Although a recent Pattern for Progress housing study fails to probe housing disparities between the County and the City of Poughkeepsie– they kick the can to a forthcoming study by the county of its own housing needs – it’s because the authors have their hands full describing the painful extent of the city’s full-blown “affordability crisis.”
It is evident in every basic statistic, squeezed between stagnant or declining income, and rising rents – exacerbated by pandemic-induced inflows from downstate – resulting in “economically unsustainable living conditions for a significant number of Poughkeepsie residents,” according to the report.
A majority of local households are already spending too much on housing – over half devote more than one-third of income, the generally accepted recommendation – and roughly one in three renters are “severely cost-burdened,” spending more than 50% of their income keeping a roof overhead and the lights on, leaving little for other necessities, much less for savings.
Among this last category, nearly 70% live on less than $28,380, which is 30% of the local area median income (AMI).
There are a variety of public assistance programs to help buffer the full brunt of brute market dynamics, but they come with grueling wait times. The City’s Housing Authority, for instance, has 359 apartments, but almost twice as many households are waitlisted, with an average delay of 6 ½ years; for a four-person household, the average wait is almost 12 years.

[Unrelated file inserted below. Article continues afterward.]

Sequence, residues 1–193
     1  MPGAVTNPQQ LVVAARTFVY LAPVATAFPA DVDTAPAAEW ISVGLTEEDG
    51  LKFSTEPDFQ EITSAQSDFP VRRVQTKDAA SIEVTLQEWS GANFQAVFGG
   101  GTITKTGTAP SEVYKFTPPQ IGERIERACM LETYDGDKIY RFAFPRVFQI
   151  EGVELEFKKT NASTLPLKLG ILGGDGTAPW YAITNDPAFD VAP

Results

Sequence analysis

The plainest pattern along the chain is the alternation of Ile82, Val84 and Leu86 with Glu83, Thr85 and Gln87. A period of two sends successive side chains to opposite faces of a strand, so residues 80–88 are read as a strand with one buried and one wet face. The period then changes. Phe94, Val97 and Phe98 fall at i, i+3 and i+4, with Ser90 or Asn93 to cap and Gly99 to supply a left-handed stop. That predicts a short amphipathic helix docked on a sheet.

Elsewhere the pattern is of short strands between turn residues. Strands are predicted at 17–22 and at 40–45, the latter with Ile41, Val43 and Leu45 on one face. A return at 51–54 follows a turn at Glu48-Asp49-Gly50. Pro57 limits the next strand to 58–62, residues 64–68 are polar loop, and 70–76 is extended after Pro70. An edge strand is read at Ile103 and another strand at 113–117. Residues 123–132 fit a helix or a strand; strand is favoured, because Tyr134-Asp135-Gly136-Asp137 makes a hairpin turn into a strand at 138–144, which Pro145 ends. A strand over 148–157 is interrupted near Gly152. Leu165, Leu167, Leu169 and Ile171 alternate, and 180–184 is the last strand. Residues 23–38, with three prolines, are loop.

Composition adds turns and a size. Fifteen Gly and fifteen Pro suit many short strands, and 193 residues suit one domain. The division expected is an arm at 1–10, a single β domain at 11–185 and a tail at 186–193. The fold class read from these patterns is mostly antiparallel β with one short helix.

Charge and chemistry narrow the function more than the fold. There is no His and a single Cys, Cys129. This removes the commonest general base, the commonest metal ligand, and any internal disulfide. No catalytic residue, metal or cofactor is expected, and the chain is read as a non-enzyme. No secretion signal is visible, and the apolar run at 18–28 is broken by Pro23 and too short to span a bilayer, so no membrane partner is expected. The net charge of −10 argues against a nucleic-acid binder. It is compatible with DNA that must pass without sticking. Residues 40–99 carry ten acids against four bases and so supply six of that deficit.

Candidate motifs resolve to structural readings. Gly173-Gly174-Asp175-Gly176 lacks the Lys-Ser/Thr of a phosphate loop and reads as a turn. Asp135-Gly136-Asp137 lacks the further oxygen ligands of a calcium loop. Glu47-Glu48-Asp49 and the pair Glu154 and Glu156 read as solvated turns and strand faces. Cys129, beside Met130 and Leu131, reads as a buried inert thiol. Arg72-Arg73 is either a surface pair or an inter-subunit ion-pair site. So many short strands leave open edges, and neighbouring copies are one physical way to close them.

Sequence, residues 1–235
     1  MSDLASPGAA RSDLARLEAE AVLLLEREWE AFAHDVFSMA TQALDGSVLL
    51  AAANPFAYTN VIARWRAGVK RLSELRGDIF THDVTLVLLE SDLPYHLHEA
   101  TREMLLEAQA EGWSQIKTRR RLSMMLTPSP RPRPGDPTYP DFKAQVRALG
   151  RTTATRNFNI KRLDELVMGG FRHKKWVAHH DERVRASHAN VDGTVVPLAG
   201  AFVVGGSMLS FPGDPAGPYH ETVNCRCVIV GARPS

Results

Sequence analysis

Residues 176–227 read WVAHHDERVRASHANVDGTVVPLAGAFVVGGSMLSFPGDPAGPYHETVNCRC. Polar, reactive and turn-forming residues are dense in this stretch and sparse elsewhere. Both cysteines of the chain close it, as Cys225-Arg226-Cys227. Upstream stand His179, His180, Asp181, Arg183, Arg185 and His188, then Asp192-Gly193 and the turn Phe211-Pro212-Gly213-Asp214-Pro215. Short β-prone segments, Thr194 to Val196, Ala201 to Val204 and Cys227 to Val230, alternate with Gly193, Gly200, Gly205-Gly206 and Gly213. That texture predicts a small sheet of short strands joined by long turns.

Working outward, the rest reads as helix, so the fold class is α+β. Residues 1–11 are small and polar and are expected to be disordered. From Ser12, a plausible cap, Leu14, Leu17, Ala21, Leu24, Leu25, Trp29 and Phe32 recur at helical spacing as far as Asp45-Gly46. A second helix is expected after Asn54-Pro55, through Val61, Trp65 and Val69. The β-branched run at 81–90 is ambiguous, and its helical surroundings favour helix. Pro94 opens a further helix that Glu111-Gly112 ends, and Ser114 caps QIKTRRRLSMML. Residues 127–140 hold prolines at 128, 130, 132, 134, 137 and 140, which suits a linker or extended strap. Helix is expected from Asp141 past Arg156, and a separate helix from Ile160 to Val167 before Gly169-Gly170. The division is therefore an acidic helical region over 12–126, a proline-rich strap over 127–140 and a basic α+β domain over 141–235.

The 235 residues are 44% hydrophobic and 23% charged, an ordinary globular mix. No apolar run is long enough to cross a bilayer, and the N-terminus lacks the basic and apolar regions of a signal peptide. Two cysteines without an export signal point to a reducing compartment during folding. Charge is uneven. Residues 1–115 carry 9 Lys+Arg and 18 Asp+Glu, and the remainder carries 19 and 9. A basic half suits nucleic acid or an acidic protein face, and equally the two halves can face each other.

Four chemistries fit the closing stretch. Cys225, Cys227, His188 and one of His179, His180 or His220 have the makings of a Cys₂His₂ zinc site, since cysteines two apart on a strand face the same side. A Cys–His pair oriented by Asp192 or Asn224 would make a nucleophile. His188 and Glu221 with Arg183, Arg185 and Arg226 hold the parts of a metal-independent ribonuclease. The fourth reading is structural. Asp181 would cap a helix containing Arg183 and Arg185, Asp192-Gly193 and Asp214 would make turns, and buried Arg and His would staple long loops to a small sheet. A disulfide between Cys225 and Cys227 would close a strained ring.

Not surprisingly, homelessness is a growing concern, with some 10% of students in the local school district experiencing homelessness in 2018-2019, a peak after this trauma rate rose for five previous years straight. “For the large number of school-age children experiencing housing insecurity and homelessness, future outcomes are seriously at risk unless a solution for them is found,” warned the study which called itself a “foundational document.”
The yawning economic disparities within the City – homeownership ranges from 94% to 20% depending on the census tract – make for disturbing reading, especially since many seem the legacy of our troubling racial history, including the redlining practices of the 1930s.
Overcoming these disparities and establishing housing stability for a majority of residents presents a truly daunting challenge that should be front and center on the agendas of the next succession of City mayors and legislators. The detailed recommendations made in the report – from the simple (better code enforcement) to more complex (mandating inclusionary zoning, setting up a well-funded land trust, energizing opportunity zone investments) – provide a challenging policy pathway for the City. Particularly useful are links to other cities already implementing solutions.
One small example: because Poughkeepsie, which has a huge number of absentee landlords, lacks a master contact list of property owners and their managers – the better for code enforcement and to quickly address police or other problems, the report offers links to how Albany, Ossining and Troy are solving this blindness. One key missing data point in this report is the extent of out-of-town property ownership to better calculate how many tens of thousands of dollars flow out of Poughkeepsie’s local economy with each rent roll. Stabilizing housing is also but one critical part of improving Poughkeepsie’s overall prospects. As the report notes in its conclusion, “housing and employment are inextricably connected [and] long-term housing stability also involves higher household incomes created through economic development and the attraction and retention of industry sectors with higher wages.” The utter lack of new, good-paying jobs locally is a glaringly weak pillar in Poughkeepsie’s economy or even its political agenda.